Recently the Texas state legislature passed the Heartbeat Bill, which bans abortions as soon as a heartbeat is detected (usually about six weeks), regardless of whether the pregnancy was a result of rape or incest.
Many people on both sides have issued statements and posted opinions. Because ProGrace doesn’t take a political stand, I’m not going to comment on the law. I know from years of research and experience that women don’t have abortions simply because they are legal. They have abortions because of the narratives coming from the culture, their family, and even their church that cause intense panic, isolation, and shame when facing an unintended pregnancy.
One of the statements that has gotten the most attention is Paxton Smith’s Valedictorian speech. She set aside her approved script and instead delivered a speech about the new law because “in light of recent events, it feels wrong to talk about anything but what is currently affecting me and millions of other women in this state.”
The part of her speech that impacts me the most is this:
“I have dreams and hopes and ambitions. Every girl graduating today does, and we have spent our entire lives working towards our future, and without our input and without our consent our control over that future has been stripped away from us. I am terrified that if my contraceptives fail, I am terrified that if I am raped, then my hopes and aspirations and dreams and efforts for my future will no longer matter.”
We need to stop and really listen to Paxton’s fears. She is not exaggerating. We know from research that ProGrace has been conducting from 2008 through 2019 that many women facing an unintended pregnancy feel as though their life as they know it will be over if they continue the pregnancy. Their fears are even deeper than what Paxton is stating. They fear their very identity is at stake, that they will no longer be the person they thought they were.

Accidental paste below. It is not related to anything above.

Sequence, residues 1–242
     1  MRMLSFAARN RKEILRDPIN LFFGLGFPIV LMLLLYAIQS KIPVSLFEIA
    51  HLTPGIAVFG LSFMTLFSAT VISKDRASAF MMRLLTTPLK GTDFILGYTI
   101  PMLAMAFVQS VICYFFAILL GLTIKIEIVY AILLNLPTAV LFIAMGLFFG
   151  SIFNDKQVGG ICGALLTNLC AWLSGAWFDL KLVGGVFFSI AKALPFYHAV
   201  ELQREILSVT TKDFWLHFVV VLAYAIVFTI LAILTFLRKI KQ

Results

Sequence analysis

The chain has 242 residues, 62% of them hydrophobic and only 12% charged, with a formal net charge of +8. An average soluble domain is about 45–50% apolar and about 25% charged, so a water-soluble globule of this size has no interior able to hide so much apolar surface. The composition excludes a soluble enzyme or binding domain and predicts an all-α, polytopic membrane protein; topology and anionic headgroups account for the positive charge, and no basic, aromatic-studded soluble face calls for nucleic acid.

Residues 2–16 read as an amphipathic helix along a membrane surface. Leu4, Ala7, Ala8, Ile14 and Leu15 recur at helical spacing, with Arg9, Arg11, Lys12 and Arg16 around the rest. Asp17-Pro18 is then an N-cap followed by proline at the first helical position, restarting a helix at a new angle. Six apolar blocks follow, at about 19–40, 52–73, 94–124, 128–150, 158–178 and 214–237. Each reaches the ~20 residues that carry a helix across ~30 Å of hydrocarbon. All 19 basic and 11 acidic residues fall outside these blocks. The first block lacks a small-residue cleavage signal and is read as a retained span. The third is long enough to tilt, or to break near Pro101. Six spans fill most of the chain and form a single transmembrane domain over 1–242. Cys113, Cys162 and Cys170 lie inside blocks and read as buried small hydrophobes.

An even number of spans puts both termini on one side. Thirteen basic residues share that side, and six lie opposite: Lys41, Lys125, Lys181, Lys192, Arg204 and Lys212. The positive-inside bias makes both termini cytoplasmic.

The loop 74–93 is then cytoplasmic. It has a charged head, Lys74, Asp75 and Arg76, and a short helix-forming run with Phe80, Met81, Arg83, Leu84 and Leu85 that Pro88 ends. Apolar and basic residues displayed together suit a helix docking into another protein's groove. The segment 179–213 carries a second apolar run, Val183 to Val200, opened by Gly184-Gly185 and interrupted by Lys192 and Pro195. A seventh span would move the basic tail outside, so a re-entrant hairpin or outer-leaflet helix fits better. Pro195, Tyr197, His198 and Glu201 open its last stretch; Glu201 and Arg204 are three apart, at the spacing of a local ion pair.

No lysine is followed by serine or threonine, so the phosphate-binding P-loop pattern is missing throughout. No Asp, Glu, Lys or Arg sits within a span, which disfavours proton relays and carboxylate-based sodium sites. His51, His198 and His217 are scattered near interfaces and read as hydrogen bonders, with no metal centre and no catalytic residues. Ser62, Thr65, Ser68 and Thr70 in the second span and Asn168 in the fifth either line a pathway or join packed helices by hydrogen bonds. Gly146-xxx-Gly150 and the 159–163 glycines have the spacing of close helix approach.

This narrative, and the fears it creates, is the true enemy behind abortion and the reason I am committed to partnering with God to change this negative story. I believe He wants to do that through His Church, living out His radical grace. I vote my conscience when it comes to abortion and other social issues, but I don’t put my faith in politicians or policy to bring true, lasting change. For that, we need God to move.
So wherever you stand politically, if you are a Christian who believes that God has a better plan for every woman and every child than abortion, can you take a minute to sit and reflect on Paxton’s words? Ask God to give you more of His perspective on the root reasons why women have abortions, and how we can both empathize with them and support them.
And then, let’s dream together and start believing God that we can leave a better legacy to young women like Paxton than a collective narrative that their life will be over if they become pregnant unintentionally. It’s a huge task. But imagine if we go on this journey together, one person and one church at a time and work to:
- Wrestle with our mental models around unintended pregnancy and abortion, asking the Spirit to show us any hidden judgments or perspectives that aren’t Christlike
- Shift the conversation in our churches to always be through the lens of the Gospel and the grace of Christ
- Intentionally create supportive communities where both women and children can thrive, during and after pregnancy
It’s what ProGrace is all about.
And I’m honored to be on this journey with you.